Axelrod: Obama Misled Nation When He Opposed Gay Marriage In 2008
A striking admission of political dishonesty from the keeper of the Obama flame
Barack Obama misled Americans for his own political benefit when he claimed in the 2008 election to oppose same sex marriage for religious reasons, his former political strategist David Axelrod writes in a new book, Believer: My Forty Years in Politics.
“I’m just not very good at bullshitting,” Obama told Axelrod, after an event where he stated his opposition to same-sex marriage, according to the book.
Axelrod writes that he knew Obama was in favor of same-sex marriages during the first presidential campaign, even Obama publicly said he only supported civil unions, not full marriages. Axelrod also admits to counseling Obama to conceal that position for political reasons. “Opposition to gay marriage was particularly strong in the black church, and as he ran for higher office, he grudgingly accepted the counsel of more pragmatic folks like me, and modified his position to support civil unions rather than marriage, which he would term a ‘sacred union,’ ” Axelrod writes.
The insider’s account provides the clearest look yet at Obama’s long-established flip-flop, one of the blemishes on his record as a progressive. The admission of Obama’s embrace of deception also calls into question the President’s stated embrace of a new kind of politics in 2008, when he promised to be unlike other politicians who change their views to match the political winds. “Having prided himself on forthrightness, though, Obama never felt comfortable with his compromise and, no doubt, compromised position,” Axelrod writes. “He routinely stumbled over the question when it came up in debates or interviews.”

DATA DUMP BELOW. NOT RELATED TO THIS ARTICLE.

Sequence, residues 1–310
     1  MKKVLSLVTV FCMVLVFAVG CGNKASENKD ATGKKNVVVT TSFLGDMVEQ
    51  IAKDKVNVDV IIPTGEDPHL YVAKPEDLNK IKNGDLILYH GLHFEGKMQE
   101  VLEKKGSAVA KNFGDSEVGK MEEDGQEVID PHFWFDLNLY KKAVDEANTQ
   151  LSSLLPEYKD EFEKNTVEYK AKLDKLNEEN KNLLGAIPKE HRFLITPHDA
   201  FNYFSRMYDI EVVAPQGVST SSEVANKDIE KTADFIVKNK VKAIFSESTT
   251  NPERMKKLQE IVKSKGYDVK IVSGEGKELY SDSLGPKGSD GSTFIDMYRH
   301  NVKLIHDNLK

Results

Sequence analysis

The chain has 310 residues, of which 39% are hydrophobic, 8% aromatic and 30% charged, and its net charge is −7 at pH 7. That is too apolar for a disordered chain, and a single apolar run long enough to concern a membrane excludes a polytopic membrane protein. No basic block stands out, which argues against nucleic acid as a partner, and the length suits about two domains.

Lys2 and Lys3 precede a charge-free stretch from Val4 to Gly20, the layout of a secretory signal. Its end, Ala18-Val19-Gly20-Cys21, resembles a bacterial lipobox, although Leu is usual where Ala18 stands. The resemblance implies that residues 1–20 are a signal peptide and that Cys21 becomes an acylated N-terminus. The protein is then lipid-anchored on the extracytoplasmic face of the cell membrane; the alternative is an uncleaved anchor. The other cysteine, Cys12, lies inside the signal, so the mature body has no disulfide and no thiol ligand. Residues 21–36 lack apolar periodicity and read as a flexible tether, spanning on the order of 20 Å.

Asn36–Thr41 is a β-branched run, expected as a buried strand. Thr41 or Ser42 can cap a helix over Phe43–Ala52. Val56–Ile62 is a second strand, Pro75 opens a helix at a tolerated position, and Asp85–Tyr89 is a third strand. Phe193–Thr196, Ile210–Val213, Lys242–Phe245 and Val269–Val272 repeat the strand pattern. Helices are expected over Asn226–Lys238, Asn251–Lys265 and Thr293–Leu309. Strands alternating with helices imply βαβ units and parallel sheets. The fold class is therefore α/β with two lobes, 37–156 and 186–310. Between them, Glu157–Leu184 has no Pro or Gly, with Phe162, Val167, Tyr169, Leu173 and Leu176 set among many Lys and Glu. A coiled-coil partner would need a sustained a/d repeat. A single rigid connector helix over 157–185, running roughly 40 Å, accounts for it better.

As a state senate candidate in 1996, Obama filled out a questionnaire saying “I favor legalizing same-sex marriages, and would fight efforts to prohibit such marriages.” But 12 years later as a candidate for president, Obama told Rick Warren’s Saddleback Church that marriage could only extend to heterosexual couples. “I believe that marriage is the union between a man and a woman,” Obama said at the time. “Now, for me as a Christian — for me — for me as a Christian, it is also a sacred union. God’s in the mix.”
After two years in office, Obama began telling reporters he was “evolving” on the issue, and supported the repeal of the Clinton-era Defense of Marriage Act.
But Obama didn’t publicly support same-sex marriages as president until Vice President Joe Biden got out ahead of him in an interview with Meet the Press, saying he was “absolutely comfortable” with the unions.
In Axelrod’s account, Obama was “fully evolved” more than five months before, telling his aides to find a way for him to speak on the issue, even as campaign manager Jim Messina warned him it could cost the state of North Carolina.
Yet if Obama’s views were “evolving” publicly, they were fully evolved behind closed doors. The president was champing at the bit to announce his support for the right of gay and lesbian couples to wed—and having watched him struggle with this issue for years, I was ready, too.
Axelrod’s new book goes on sale February 10.